Benjamin Black, 32, a volunteer with the charity Médecins Sans Frontières in Sierra Leone, said that some of those in infected areas were not seeking medical treatment as they thought the disease was the work of sorcerers. Belief in witchcraft and traditional medicine is still prevalent in parts of west Africa, particularly the remote rural areas of Sierra Leone, Guinea and Liberia where the outbreak has been concentrated.
In an interview with The Telegraph, Dr Black, who completed a four-day stint earlier this week at an Ebola treatment clinic in Kailahun, near Sierra Leone’s northern border with Guinea, said: “There is a section of population here who simply don’t believe Ebola is real, they think it is witchcraft and so they don’t come to the treatment centres.
“Sometimes, even those who turn up at clinics with symptoms of the disease will be resistant to the idea that they have it. They will say ‘yes, people in my family have died already, but this is witchcraft rather than Ebola’.”
Dr Black, who is from Manchester but currently works as an obstetrics & gynaecology registrar at north London’s Whittington Hospital, went to Sierra Leone back in June, where he originally expected to be working in maternity wards. He was seconded to an Ebola clinic in the wake of the spread of the epidemic, which is the largest of its kind in medical history.
More than 1,200 cases have so far been reported in the three affected nations, with 224 deaths in Sierra Leone, 129 in Liberia, and 319 in Guinea, where the outbreak is thought to have first begun. Among the fatalities in Sierra Leone has been Sheik Umar Khan, a doctor who was playing a leading part in the fight against the disease.
Avoiding a similar fate for themselves has been one of the main challenges for Dr Black and his colleagues in the 56-bed clinic at Kailahun, which lies in a densely-forested district that is at the centre of one of the worst outbreaks.
While treating patients, medics must wear an all-encompassing plastic yellow body suit, along with two face masks, two pairs of gloves, a plastic apron and medical scrubs. In Sierra Leone’s humid tropical heat – temperatures at this time of year are around 80F – those wearing the suits have to be careful not to pass out from the heat.
“The protective equipment is very hot to wear and incredibly claustrophobic – I once tried working in it in the heat of midday and could barely last 15 minutes,” said Dr Black. “Most of the time we try to start very early in the morning before the sun comes up, and even then the goggles eventually become misted over.”
After working, each medic disrobes in a special non-contaminated area, where each garment has to be sprayed with chlorine as it is removed. Outside of work, they also observe a strict “no touch” policy, whereby even handshakes are forbidden. “At first it’s a reflex to touch other people when you interact with them, but it soon becomes normal,” Dr Black said. “A lot of health workers have unfortunately contacted the illness already, and the risks are very high.”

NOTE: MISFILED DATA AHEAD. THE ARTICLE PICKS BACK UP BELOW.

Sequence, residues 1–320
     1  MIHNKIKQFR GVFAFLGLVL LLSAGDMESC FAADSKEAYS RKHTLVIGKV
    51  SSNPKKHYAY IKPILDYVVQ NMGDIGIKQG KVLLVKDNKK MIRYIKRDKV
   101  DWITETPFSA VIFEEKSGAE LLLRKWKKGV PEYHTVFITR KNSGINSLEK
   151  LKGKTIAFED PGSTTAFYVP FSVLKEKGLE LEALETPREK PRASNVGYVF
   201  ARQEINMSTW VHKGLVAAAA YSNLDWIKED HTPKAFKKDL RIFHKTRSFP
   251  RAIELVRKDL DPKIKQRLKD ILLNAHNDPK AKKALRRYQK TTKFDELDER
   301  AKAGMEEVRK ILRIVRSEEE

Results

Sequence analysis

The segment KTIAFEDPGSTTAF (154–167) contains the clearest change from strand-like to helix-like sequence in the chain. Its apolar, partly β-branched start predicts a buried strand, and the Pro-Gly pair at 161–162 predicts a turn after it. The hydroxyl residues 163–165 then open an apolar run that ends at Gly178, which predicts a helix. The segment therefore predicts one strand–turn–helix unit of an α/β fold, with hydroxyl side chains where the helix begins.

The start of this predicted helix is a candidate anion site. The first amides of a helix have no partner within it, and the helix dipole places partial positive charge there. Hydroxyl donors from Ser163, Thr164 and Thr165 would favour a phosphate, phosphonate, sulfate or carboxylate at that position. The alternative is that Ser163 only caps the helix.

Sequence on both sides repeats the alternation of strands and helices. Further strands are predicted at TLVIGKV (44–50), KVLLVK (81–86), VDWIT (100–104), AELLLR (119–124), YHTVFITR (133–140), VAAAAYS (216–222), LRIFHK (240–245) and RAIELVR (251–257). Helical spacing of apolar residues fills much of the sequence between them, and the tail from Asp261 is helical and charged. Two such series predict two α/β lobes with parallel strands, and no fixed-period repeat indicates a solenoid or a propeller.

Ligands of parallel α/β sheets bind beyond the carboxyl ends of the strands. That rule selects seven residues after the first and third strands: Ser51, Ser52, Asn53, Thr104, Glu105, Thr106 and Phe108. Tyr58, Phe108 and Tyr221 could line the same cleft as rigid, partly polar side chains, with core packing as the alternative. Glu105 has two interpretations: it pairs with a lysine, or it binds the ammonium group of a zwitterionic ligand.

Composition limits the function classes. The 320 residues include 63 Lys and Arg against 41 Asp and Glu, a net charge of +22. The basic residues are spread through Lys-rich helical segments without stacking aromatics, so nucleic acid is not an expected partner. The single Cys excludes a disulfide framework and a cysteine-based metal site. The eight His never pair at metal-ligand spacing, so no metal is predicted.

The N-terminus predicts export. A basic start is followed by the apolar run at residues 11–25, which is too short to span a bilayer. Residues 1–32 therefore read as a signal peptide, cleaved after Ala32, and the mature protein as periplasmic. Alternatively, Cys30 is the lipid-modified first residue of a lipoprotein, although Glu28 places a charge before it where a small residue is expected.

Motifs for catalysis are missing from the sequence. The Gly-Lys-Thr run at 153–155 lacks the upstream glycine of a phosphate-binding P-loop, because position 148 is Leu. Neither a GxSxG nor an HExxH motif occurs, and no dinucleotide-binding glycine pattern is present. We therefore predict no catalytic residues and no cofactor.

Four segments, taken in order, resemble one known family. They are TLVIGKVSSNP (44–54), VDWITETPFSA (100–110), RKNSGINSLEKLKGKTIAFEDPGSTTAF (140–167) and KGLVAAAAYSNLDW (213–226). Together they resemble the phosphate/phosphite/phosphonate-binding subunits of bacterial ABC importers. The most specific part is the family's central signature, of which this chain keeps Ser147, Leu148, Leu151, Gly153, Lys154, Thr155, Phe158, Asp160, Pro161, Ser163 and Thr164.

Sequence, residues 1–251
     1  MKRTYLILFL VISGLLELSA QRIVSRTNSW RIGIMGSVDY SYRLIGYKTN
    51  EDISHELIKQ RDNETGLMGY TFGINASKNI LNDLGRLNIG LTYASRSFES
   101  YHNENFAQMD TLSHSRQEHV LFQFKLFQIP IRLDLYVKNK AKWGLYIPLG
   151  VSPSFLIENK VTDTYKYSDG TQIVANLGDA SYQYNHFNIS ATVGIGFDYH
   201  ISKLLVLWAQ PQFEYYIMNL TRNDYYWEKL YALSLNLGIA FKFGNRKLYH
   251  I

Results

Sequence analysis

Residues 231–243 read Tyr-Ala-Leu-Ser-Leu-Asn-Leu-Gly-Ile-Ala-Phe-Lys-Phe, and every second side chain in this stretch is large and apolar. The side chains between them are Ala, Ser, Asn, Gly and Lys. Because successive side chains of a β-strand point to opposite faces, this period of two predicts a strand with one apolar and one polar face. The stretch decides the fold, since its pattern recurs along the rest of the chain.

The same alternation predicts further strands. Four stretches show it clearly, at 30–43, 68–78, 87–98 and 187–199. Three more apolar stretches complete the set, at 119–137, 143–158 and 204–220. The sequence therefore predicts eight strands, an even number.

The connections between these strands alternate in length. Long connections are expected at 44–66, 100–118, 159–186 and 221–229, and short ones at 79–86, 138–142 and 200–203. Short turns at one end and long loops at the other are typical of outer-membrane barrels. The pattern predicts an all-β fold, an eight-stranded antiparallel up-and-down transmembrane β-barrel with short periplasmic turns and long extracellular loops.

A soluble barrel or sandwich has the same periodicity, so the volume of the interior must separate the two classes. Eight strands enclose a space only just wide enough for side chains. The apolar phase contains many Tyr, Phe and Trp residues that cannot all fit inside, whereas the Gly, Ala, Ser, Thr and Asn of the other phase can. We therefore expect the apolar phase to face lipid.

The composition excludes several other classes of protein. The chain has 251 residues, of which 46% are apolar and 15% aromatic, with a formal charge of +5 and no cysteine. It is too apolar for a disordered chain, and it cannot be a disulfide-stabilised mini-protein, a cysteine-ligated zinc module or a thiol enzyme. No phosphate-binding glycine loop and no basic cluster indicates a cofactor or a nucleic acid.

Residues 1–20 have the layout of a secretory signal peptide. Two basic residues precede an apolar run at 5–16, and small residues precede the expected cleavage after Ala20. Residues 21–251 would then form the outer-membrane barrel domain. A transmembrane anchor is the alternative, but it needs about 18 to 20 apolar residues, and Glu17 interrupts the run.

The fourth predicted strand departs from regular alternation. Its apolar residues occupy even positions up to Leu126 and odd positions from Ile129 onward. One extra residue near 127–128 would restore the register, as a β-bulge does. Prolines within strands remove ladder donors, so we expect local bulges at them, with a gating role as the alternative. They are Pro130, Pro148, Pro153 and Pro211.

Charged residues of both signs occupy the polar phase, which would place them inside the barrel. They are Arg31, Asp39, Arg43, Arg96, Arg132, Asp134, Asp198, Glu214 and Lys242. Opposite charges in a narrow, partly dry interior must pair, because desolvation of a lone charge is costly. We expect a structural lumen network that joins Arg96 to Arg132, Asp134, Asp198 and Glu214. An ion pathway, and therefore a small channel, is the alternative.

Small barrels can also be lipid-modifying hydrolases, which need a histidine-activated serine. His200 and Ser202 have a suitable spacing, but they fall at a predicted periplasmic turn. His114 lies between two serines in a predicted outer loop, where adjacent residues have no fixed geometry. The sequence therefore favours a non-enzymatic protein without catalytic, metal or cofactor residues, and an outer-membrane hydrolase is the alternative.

The clinic, he said, operated a triage assessment system to work out which patients were confirmed as having the disease. Contrary to popular depictions, many Ebola sufferers do not seem particularly ill at first, complaining only of flu-like coughs or vomiting rather than the nose and eye-bleeds that characterise its later stages.
But doctors can go on certain warning signs, in particular patients saying that they have recently attended a funeral of a friend or relative. Local funeral customs often include the practice of touching and kissing loved ones’ bodies, which by that stage are a prime incubator of Ebola.
Dr Black added that many of those referred to the clinic were children, some of whom had already lost both their parents to the disease. “We had one ambulance turn up with a mother and a child in it, but the mother had died during the journey to the clinic, leaving her daughter of eight on her own,” he said.
Ebola has a fatality of around 90 per cent, but if treated early enough, patients can fight the disease off. While a number of patients passed away during Dr Black’s time at the clinic, every day there was usually “a couple” who pulled through and were discharged.
“There were many sad stories, but the discharges were amazing, emotional occasions, where the whole clinic, from the cleaning staff to the head of the mission, would come out and give big applause,” he said. “I can still feel goose pimples talking about it now. The problem is that often the kids are coming out as orphans, and they may face stigma when they get home because they’ve had Ebola, although we send outreach workers with them to spread the message that they are OK.”
Another problem, he added, was that the medics’ spaceman-like attire frightened locals. In neighbouring Guinea, some village chiefs have barred medics from entering, claiming that they are actually spreading the disease. Other teams of doctors have been threatened by mobs with machetes.
“Many patients who come to us are already very sick by the time they do so, and so often all people see at the clinic is a doctor sticking a needle in someone for a blood test and then them dying shortly afterwards,” said Dr Black.
“That becomes a conspiracy theory that we are actually injecting them with something that kills them. There is a huge amount of work that needs to be done in terms of education on all this, otherwise this epidemic is just going to continue.”
Courtesy – http://www.telegraph.co.uk/